The whole VARTM idea was also learned from this video. Here you will see it is possible to have a very long distance for the resin to go.

The milling from the second mould half left some material that should be billed away. The reason for this is not clear to me for this moment. Initially the mould could not close because of this issue.

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By sawing this problem was solved.

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The inside of the mould was painted with an MDF primer manually. Befor paiting it was sanded just a little by hand.

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Ok, the idea here is to apply pressure to the liquid resin material on one side and pull with a manual created vacuum on the other side.

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The resin enters the mould on the right side and is pushed / pulled through the mould to the far left side.

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This vacuum pump is normally used for whine bottles to conserve an opened bottle of wine. For different reasons, which will be explained below, this did not work as is was supposed to.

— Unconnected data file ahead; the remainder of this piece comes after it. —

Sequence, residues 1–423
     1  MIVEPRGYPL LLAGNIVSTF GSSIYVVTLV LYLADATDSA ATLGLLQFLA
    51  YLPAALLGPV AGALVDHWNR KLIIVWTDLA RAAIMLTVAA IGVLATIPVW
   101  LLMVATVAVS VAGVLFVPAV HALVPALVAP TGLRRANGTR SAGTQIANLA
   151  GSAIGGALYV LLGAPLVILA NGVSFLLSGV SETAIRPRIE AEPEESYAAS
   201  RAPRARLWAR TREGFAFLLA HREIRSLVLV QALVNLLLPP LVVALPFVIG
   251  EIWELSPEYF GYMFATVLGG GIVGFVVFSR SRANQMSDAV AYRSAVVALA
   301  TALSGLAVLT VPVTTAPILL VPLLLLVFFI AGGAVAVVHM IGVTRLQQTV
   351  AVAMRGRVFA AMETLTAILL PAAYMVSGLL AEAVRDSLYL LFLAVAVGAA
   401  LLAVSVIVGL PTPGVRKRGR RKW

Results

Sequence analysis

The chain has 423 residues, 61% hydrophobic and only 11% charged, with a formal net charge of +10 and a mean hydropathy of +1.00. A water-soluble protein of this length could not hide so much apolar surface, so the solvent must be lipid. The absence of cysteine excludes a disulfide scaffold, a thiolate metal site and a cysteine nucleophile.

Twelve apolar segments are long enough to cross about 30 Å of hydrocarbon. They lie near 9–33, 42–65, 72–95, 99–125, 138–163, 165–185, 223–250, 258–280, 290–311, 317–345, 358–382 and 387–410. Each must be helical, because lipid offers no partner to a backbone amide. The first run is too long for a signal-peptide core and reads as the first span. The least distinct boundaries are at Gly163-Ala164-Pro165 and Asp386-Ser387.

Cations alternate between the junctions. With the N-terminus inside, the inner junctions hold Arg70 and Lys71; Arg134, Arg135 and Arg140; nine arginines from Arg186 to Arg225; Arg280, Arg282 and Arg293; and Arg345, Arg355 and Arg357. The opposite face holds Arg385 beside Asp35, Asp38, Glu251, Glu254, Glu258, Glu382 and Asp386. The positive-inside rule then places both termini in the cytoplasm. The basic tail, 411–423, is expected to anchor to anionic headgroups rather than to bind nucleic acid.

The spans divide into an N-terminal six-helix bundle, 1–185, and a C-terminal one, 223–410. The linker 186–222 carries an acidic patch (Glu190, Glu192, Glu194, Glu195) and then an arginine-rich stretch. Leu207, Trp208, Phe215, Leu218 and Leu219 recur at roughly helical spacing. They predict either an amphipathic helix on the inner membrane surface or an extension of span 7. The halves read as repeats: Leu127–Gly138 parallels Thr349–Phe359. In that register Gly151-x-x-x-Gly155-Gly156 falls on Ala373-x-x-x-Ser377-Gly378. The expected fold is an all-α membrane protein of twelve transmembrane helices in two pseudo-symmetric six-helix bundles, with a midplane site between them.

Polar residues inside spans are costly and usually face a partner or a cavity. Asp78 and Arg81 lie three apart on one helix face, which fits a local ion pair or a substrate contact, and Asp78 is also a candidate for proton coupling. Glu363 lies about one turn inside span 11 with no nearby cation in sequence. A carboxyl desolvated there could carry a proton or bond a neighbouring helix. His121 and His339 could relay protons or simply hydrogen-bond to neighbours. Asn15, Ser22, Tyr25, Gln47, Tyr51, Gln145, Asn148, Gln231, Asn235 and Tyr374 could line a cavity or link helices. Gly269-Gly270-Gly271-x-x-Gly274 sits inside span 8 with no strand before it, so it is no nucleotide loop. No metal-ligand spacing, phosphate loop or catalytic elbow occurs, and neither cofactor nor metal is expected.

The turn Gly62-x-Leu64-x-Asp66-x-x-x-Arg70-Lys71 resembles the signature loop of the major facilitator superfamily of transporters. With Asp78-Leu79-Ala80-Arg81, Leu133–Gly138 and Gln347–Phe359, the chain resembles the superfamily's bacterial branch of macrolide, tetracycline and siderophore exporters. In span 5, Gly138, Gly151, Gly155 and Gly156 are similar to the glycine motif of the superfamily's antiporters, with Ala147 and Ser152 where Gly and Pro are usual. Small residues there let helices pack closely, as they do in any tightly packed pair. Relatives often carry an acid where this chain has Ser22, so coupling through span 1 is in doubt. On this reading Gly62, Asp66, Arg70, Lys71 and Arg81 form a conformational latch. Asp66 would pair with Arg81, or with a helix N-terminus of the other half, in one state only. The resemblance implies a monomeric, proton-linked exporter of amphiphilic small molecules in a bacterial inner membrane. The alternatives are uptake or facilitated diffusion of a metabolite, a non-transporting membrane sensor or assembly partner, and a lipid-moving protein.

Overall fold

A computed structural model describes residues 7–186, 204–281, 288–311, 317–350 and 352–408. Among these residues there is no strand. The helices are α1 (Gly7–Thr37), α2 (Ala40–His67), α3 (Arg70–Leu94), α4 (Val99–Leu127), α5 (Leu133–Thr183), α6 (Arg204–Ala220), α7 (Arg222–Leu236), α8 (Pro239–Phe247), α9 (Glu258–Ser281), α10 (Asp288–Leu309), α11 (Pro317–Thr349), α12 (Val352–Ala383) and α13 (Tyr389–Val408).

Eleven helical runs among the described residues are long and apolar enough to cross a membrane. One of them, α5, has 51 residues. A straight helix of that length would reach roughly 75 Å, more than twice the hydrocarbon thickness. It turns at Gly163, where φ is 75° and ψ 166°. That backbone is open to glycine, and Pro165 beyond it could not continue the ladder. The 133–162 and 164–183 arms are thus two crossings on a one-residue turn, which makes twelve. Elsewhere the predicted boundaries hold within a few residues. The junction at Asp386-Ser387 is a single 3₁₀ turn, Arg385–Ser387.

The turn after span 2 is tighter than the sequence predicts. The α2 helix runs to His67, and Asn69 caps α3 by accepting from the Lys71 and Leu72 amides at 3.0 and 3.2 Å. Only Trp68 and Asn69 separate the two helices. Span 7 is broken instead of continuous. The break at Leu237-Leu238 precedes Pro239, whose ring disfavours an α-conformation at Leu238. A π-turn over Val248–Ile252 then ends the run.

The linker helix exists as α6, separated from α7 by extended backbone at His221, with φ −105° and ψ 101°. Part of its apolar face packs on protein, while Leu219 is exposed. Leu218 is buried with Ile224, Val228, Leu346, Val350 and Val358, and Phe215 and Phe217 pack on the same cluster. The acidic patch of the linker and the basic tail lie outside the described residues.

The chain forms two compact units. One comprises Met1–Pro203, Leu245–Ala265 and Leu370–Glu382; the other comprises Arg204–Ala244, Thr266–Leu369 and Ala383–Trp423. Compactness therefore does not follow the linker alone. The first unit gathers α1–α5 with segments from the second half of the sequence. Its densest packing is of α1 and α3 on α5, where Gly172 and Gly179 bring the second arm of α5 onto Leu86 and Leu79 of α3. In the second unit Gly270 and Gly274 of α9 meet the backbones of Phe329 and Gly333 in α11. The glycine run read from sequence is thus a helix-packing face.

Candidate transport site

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The white surface of the mould was coated 3 times with a release agent from smooth on. This was not a good idea. It sticks to the resin and the connection between the mdf primer and the mdf is weaker.

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The layers of jute fabric are assembled into the mould dry.

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With silicon kit a gasket or seal was made between the mould halves. This to make the vacuum possible. Stupid as I was I did not take enough drying time for the silicon. This also because I was in a hurry to finish all in time.

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Mould including jute fabric, release agent and silicon seal was closed with clamps.

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Resin was mixed and prepared. It took about 15 minutes to inject 2/3 of the tube. This should be more the enough, however the silicon seal was not closed and much resin came out of the mould.